Touch and sound perception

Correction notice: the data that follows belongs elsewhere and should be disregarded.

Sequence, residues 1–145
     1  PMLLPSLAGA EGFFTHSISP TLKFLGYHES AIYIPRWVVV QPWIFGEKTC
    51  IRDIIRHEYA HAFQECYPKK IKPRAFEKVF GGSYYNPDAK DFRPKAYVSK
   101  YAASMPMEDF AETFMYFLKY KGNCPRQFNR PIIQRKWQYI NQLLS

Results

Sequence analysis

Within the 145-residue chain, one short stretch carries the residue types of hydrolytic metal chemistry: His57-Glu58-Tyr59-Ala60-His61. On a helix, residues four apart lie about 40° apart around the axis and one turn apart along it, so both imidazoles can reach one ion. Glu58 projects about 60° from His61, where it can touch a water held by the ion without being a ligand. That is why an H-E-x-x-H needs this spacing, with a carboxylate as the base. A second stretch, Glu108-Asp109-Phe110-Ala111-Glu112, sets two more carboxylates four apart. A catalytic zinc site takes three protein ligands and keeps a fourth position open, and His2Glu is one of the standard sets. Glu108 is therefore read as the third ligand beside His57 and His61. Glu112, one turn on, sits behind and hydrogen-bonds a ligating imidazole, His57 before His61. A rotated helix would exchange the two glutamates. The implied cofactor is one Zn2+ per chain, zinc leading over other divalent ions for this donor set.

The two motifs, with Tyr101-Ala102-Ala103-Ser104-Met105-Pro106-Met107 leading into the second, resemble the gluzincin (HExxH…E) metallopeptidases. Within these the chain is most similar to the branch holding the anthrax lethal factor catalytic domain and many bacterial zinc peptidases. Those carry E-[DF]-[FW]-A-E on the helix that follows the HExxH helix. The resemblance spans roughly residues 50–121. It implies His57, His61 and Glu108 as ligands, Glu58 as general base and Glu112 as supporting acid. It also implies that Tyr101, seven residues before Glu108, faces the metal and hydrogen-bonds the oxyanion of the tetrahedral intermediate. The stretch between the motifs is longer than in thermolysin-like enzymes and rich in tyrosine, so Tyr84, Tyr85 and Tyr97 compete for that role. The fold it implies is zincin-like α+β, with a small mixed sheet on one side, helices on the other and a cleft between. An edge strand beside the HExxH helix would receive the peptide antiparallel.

The instrumental qualities of a piano are of decisive importance in deriving a sense of well-being from its use. The sound-producing mechanism of the instrument must however blend perfectly with the mechanical (touch) mechanism for reliability and dynamic response in performance applications. Energy flows in nature in an orderly, systematic manner, reproducing itself, returning to its source or becoming transformed. This can also be applied to the tonal aspects of the acoustic piano. The energy transmitted by the keys (force, speed and path of the key’s movement) is transferred to the moving hammers by means of the keyboard/ action mechanism. This energy is then conveyed to the strings by the impact of the hammers on the strings, setting the strings into vibration. The sound-producing mechanism of the instrument then amplifies the vibrations of the strings. Each individual string produces its own vibrational pattern, which adapts itself to those of the other strings, making its contribution to the enrichment of the overall sound pattern. Finally, the airborne sound waves, generated by the vibrating soundboard, upon reaching the ears are transformed into minute electrical signals that can be perceived by the brain.